My car was packed to the brim with all of my foraged treasures. I’m so excited to share a piece of this beautiful place with diners in LA!…but not excited to get back to the traffic =-/

radishflower traffic

“We live in a wonderful world that is full of beauty, charm and adventure. There is no end to the adventures that we can have if only we seek them with our eyes open.”

~Jawaharlal Nehru

Flower Ave Garden Project: Dammit Janet

This is Janet, and she’s totally awesome:

janet

Janet is a business owner who has a shop up the street from the garden, and goes for regular walks around the neighborhood. She was so excited and curious about the Flower Ave Garden; asking questions about everything I had planted. She was very supportive and encouraging, and told me how Korean cuisine uses amazing vegetables (I totally agree). I gave Janet some sugar snap peas as a thanks for all of the kindness =] Love ya Janet!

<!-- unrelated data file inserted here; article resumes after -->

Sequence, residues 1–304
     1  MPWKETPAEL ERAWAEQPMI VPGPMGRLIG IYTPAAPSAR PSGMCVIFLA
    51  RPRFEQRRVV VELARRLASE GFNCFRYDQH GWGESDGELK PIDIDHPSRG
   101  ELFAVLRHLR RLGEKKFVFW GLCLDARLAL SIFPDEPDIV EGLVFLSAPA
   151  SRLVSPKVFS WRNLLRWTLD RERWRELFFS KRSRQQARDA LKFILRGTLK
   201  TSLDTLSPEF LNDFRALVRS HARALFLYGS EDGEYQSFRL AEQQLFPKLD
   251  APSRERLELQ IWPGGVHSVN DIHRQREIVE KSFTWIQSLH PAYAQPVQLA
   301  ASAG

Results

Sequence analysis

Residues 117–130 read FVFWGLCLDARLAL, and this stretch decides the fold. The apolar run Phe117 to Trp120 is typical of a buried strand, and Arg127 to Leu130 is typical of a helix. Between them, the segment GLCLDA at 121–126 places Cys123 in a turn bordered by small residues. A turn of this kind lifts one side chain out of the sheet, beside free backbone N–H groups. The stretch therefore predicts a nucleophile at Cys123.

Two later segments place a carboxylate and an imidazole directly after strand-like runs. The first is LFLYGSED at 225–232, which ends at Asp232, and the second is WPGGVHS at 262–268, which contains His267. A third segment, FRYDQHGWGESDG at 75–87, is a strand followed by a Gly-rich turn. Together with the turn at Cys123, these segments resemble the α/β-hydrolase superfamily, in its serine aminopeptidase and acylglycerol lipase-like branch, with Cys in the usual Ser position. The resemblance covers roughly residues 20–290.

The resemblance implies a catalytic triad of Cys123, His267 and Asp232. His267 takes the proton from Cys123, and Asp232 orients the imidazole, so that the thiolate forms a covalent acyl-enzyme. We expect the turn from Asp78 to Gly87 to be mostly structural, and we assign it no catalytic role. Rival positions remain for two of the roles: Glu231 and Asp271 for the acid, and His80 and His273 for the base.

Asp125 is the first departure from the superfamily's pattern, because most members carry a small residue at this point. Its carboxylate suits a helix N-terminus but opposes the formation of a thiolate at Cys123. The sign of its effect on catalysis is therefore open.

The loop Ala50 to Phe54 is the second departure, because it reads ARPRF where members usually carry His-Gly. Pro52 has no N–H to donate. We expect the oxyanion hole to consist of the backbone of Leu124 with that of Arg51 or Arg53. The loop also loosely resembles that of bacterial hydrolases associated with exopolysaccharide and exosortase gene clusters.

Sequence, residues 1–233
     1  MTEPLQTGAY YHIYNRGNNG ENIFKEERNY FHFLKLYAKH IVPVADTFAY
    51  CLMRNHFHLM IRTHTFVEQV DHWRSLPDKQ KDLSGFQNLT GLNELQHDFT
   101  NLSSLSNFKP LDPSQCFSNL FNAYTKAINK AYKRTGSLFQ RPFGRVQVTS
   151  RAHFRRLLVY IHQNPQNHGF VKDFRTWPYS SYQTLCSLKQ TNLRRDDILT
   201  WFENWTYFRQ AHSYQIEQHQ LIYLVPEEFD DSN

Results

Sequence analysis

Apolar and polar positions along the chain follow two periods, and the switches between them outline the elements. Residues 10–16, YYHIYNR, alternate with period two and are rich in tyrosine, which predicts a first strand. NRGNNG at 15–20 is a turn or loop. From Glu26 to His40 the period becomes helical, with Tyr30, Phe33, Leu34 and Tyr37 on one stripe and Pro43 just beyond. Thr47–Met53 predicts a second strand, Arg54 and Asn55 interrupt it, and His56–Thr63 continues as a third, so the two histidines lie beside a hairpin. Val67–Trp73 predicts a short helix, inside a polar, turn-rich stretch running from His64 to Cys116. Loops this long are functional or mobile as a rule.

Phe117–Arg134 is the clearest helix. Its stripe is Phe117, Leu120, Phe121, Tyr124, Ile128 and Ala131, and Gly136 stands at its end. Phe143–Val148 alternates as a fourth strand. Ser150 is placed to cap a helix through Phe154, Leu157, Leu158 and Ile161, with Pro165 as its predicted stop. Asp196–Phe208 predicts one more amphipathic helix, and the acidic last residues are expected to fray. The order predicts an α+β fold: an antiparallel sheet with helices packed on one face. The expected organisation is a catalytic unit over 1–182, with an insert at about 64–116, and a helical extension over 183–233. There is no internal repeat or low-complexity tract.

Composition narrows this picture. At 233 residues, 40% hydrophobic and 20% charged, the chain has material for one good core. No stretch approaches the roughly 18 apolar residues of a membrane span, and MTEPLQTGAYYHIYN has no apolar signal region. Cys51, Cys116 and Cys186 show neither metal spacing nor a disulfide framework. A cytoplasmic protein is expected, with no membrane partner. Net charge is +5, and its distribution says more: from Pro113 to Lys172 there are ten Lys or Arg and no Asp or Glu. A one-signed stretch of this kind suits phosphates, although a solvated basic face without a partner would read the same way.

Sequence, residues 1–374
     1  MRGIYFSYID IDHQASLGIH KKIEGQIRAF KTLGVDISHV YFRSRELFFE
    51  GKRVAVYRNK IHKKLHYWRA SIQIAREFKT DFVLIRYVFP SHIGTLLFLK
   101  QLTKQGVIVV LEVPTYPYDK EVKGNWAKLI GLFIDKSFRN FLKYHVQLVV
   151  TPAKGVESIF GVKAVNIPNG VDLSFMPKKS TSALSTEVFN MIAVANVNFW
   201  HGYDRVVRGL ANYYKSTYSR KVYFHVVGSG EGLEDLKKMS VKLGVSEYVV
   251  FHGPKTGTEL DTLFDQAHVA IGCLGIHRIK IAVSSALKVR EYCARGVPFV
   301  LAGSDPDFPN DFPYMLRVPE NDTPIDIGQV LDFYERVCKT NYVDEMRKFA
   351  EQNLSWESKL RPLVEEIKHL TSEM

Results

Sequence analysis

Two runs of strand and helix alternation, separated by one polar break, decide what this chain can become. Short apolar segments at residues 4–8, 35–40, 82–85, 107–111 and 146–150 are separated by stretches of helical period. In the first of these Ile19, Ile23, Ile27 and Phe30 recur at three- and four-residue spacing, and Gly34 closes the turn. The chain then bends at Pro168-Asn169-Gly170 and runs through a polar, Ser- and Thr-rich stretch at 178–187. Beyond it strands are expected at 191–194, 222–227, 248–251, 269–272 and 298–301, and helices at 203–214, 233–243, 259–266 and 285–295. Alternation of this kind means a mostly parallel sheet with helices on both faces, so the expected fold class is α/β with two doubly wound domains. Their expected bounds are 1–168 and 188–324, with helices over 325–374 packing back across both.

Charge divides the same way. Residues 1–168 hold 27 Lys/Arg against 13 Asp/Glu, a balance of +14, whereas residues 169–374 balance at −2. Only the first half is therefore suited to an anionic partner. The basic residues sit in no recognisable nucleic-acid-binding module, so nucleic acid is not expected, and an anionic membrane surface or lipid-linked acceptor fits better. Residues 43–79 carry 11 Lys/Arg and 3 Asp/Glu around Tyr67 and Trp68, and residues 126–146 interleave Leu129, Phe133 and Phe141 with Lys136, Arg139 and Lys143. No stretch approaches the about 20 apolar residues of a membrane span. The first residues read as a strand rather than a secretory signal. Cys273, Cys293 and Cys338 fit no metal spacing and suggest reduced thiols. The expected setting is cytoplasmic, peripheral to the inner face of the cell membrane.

“A tree is known by its fruit; a man by his deeds. A good deed is never lost; he who sows courtesy reaps friendship, and he who plants kindness gathers love.”
~Saint Basil

Flower Ave Garden Project: The Cover Up

Ground cover can be a gardeners best friend. It helps keep the soil warm and keeps pests away. And one of the biggest benefits to a culinary gardener is that it can keep the green tops of things like radishes nice and tender. This will make them a beautiful addition to a plate.

 ground cover rad

One perk of being a culinary farmer is that you get hooked up with some seriously yummy food! I dropped off some Red Russian Kale to Chef Fox at Rustic Canyon, and came back with fresh ceviche and tortilla chips! YUM, thanks guys.

family1

I have been in Venice for about 6 weeks and am settling in nicely =]

venice1

“The world is my country, all mankind are my brethren, and to do good is my religion.”

~Paine